‘The noise coming out of Mum’s chest was horrendous – horrible gasps. I stopped. I just thought I shouldn’t be doing this to my mother. I kept saying “She’s gone, I know she’s gone”, but the operator was really insistent.
‘She just kept saying, “You are pumping her chest, aren’t you? You must keep doing it to help her.” I just pretended I was carrying on.
‘The ambulance men arrived within three or four minutes. I passed the phone to them and they took over, but after a couple of minutes they said there was no point.
‘I just sat on the floor and sobbed. Afterwards when I thought about what had been done, I realised how shocking the whole thing was. A post mortem showed she had died instantly of a massive heart attack and wouldn’t have known anything, but it has stayed with me. It was not what should have happened.’
Susan is not alone in dealing with a system that appears to ignore common sense.
Other readers said they were threatened and told they would ‘be in trouble’ if they did not comply with instructions to perform CPR. Many have been left with painful memories of hauling corpses into different positions.
One reader, who asked not to be identified, spoke of her ordeal when her husband died. The 83-year- old from Guildford, Surrey, said: ‘He had passed away peacefully in his chair. But I was ordered to get him on to the floor and told to do CPR.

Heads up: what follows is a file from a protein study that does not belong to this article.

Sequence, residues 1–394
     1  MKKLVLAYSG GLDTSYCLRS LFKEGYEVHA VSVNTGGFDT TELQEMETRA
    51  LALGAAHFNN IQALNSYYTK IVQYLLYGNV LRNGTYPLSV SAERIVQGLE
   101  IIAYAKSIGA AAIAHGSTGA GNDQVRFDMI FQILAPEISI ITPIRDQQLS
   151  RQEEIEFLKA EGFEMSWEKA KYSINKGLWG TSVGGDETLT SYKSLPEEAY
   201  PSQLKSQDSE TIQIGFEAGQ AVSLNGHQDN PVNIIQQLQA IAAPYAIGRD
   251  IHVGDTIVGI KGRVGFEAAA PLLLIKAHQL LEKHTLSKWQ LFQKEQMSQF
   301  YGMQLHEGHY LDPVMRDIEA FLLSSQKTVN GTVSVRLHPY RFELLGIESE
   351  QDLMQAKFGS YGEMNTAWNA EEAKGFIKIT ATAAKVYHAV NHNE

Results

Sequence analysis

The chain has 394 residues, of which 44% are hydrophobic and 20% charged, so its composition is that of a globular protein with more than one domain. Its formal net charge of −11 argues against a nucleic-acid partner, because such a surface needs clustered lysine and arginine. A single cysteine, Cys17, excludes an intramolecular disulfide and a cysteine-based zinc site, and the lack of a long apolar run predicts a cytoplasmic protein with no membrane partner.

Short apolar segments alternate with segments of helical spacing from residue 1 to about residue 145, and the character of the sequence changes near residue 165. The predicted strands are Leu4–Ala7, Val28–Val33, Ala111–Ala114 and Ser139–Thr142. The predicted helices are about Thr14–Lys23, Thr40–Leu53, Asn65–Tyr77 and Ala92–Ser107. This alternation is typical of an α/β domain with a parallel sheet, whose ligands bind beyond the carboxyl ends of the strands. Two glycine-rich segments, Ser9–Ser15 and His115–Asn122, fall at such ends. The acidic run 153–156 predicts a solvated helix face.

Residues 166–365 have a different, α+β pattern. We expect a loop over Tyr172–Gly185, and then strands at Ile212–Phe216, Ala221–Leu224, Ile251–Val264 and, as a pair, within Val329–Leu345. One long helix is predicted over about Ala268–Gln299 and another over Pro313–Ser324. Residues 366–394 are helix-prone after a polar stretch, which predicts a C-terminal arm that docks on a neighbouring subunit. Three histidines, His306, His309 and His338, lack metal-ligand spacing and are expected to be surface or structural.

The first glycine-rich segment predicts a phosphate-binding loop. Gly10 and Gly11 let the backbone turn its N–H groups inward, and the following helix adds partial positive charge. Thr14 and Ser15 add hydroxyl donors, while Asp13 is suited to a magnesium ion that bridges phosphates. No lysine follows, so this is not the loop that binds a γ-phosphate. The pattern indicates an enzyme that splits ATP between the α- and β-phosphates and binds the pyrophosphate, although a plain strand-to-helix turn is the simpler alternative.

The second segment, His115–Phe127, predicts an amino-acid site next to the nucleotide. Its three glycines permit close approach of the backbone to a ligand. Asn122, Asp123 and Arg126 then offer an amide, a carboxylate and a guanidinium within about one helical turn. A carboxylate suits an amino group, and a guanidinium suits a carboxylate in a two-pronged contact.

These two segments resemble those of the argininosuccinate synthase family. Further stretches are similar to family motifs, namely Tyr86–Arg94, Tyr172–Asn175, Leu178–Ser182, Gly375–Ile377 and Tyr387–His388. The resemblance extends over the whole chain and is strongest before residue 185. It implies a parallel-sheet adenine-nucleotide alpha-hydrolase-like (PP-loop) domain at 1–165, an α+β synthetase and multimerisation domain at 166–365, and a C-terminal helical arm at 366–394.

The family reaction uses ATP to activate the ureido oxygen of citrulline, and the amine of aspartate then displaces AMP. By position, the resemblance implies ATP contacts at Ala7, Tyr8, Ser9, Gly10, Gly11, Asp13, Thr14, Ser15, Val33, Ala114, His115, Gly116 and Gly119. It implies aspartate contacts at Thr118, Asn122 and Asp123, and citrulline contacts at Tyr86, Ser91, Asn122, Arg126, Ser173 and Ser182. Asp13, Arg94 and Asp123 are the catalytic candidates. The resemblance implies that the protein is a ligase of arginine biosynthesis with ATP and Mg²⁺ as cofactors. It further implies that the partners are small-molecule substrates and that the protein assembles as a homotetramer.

‘It has left us with quite dreadful memories of his last moments – the pounding of a lifeless body.’
Another, named Janet, had a gruesome experience on finding an elderly neighbour’s body. ‘As soon as I stepped into her flat I knew she had passed away. I phoned 999 but didn’t know which service to ask for.
‘I told the operator my neighbour had been dead a while – she had turned black – and the operator asked more than once if I would be prepared to do CPR.
‘I begged her not to make me do it, and waited outside until the emergency services arrived.’
A 999 call handler who contacted The Mail on Sunday anonymously explained that they had no choice but to give these instructions, saying: ‘We can be sued if protocol is not followed. Some health trusts may insist that operators persist with CPR instructions to avoid any claims of lack of duty of care.’
But Dr Gordon Cauldwell, a consultant physician from Worthing, West Sussex, said: ‘What is happening now is quite grotesque and should be stopped.’